Archive for November, 2009

What are the issues in the US Healthcare Policy?

November 4th, 2009

The issues associated with the current healthcare legislation are long and complex. However, there are a few simple topics that are at the heart of the matter.

I would like to present a few of them here, and open up this post for your thoughts and perspectives.

To begin, I would like to recap the three basic goals that President Obama made in his September 9th address:

1) To provide more security and stability to those who have health insurance.
What this means: a) it will be against the law for your insurance company to drop you because of a pre-existing condition, b) insurers cannot place an arbitrary cap on the amount of coverage in a year or a lifetime, c) a limit will be placed on out of pocket expenses, and d) insurers will be required to cover, at no extra charge, routine and preventative care.

2) Provide insurance for those who do not have access.
What this means: a) if you loose or change your job – you’ll be able to get coverage, b) small businesses will get tax credits to offset the costs of providing insurance, c) a new insurance exchange will be created to assist individuals and small businesses have access to affordable insurance and d) individuals will be required to carry basic health insurance (similar to auto insurance) – provided by themselves or through their employers.

3) Slow the costs of healthcare for our families, businesses and government.
What this means: a) the President will not sign a bill that increases the deficit to fund these programs, b) most of the costs of these plans can be paid for by savings within the healthcare system itself, c) reducing the waste and inefficiency in Medicare and Medicade and d) revenues from drug and insurance companies that will benefit from millions of new customers.

Now what does all this really mean? Can we do it?

A big part of the problem may be if Congress can act in a bi-partisan fashion and implement a roll out of this plan in the current economy. This is no small act.

Additionally, how do you pragmatically change the system without healthcare professionals becoming nervous?

How does this really effect the small business owner and, as stated above, the individual who will be required to obtain basic health insurance. And just what is “basic health insurance”?

I do not think anyone believes that the system can continue to operate like it has done over the past 20 years, and that reform is much needed.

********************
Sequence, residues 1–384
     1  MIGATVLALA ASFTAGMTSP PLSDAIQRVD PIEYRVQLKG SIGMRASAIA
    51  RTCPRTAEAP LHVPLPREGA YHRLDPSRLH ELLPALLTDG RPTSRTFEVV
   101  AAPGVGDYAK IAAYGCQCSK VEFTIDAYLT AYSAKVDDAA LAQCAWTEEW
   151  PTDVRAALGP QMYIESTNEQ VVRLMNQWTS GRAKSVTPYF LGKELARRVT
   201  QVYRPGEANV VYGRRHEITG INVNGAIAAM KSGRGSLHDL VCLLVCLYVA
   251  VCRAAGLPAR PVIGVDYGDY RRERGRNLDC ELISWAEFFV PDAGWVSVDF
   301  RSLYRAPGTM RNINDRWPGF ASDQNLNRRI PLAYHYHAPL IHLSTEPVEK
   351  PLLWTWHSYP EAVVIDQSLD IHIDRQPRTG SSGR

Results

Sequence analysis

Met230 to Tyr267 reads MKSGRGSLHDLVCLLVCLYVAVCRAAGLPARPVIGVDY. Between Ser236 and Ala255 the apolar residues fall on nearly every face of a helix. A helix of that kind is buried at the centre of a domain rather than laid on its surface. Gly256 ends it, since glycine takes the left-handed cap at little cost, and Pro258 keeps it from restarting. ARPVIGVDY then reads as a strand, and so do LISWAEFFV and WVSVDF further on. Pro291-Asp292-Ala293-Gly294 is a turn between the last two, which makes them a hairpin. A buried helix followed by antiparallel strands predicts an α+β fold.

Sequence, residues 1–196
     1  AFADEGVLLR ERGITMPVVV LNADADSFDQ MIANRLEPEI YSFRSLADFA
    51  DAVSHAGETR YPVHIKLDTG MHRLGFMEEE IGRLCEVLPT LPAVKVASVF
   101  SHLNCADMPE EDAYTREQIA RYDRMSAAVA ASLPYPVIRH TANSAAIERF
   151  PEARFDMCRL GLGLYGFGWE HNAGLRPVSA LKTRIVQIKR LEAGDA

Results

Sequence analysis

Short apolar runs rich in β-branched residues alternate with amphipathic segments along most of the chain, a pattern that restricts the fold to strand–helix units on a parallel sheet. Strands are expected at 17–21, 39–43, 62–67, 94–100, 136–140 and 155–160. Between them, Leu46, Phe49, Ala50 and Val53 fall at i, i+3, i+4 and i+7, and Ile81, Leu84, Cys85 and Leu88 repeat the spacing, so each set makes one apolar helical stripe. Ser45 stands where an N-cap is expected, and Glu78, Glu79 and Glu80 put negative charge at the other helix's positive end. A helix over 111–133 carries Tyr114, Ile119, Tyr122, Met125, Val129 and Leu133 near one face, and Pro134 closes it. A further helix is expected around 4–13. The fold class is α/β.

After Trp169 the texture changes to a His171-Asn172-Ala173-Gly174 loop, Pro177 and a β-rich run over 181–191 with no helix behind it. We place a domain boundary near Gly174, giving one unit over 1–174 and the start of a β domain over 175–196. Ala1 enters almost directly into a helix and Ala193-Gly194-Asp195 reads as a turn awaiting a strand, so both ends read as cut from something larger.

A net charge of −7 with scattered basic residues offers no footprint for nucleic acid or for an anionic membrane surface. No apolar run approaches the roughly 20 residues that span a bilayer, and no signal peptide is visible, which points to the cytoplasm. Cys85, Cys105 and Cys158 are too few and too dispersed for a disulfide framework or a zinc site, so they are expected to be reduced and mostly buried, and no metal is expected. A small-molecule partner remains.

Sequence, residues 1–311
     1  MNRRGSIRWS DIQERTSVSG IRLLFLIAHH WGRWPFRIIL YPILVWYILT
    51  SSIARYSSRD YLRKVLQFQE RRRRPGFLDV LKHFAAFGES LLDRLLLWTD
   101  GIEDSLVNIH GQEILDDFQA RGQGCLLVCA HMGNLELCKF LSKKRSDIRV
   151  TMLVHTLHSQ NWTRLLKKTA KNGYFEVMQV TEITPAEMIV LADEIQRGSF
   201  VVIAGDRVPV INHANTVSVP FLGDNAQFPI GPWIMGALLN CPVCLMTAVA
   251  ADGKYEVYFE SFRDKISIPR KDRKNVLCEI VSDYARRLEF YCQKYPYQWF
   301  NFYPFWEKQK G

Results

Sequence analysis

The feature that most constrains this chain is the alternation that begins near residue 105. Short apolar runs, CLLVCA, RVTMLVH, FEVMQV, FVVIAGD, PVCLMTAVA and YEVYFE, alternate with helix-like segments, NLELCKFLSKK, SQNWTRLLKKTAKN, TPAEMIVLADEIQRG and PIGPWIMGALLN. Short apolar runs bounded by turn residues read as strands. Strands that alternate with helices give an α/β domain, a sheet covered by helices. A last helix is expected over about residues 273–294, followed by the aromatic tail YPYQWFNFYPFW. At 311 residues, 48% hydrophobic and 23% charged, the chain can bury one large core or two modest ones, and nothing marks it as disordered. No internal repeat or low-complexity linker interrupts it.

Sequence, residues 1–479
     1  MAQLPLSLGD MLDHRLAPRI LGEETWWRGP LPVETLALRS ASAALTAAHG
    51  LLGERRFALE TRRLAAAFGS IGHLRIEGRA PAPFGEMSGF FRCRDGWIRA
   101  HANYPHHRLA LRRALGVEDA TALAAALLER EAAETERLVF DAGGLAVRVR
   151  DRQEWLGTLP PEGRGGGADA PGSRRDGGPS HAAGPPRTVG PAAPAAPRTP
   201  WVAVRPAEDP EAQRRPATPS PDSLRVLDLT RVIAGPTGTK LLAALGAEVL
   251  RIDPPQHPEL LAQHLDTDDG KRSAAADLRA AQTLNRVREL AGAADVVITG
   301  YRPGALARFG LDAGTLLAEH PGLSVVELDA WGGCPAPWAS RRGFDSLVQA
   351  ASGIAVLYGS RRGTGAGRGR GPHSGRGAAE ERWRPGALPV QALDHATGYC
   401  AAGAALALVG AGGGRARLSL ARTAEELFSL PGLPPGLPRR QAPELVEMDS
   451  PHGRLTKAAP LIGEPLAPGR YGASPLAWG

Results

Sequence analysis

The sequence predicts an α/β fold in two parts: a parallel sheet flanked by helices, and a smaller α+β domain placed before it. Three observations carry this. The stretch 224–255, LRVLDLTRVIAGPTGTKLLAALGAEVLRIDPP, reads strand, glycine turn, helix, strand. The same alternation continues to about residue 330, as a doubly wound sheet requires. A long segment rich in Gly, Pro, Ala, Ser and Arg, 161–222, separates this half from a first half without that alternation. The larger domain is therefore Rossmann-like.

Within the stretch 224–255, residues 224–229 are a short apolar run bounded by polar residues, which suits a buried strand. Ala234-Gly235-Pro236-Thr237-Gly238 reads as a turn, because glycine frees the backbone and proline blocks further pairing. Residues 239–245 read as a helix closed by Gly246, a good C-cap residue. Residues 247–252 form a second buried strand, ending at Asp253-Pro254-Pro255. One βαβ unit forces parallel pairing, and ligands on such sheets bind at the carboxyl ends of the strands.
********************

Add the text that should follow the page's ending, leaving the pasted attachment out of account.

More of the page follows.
I’d like to open this forum up and have our community provide perspective and constructive feedback on the goals of the White House.

Thank you in advance for your time and comments!

Our Community

November 1st, 2009

Our office is in the Village.  For those few who may not know, the Village is an area of about 20 square blocks located between Kirby Dr. and Rice University and University Boulevard and Sunset Boulevard.  We moved here so we would be close to our client base (the institutions of the Texas Medical Center).  We can be in our clients offices in 10 to 15 minutes which is just one of our measures of responsiveness (we’ll talk more about responsiveness in future blogs).  But as we’ve learned, there is more to the Village than just being close to the Medical Center.

The Village is an eclectic collection of shops, restaurants and businesses.  There are just enough national brands so it feels a little like a shopping center but the best part is all the locally owned and operated little shops and restaurants.  There is one of the last Dime Stores in Houston where you can go and re-discover your youth or help your children find the toy that will become the foundation for the best of memories.   There are restaurants like Bistro Les Amis where the food is excellent, the wine is memorable, the proportions are just right and the atmosphere is very French and you can enjoy it with friends and still have enough money left over for  some shopping or maybe a Rice University football game.

There is more to The Village than its proximity to the Medical Center, the food and shops.  We love it because we can just walk to lunch or dinner or go shopping; or just walk around to reduce the stress of the day.  By walking we get to experience the sights and sounds and yes even some of the smells of a real Village.   There are very few alleys and back doors so Village life takes place in front of the shops and restaurants.  You may see today’s fresh vegetables being delivered in a BMW or witness the give and take between fish merchant and chef.

By walking, we reconnect and experience the busy, real and larger life of an entire community.  We understand we are part of a community.  We depend on others to help us get through our days and they depend on us.

If you stay in your car and just drive around searching for the perfect place to park you’re going to miss most of the charm and interest of the Village; you’ll miss the opportunity to be part of a community.  So our advice is to walk to The Village or park as soon as you can and then walk; become a part of our community.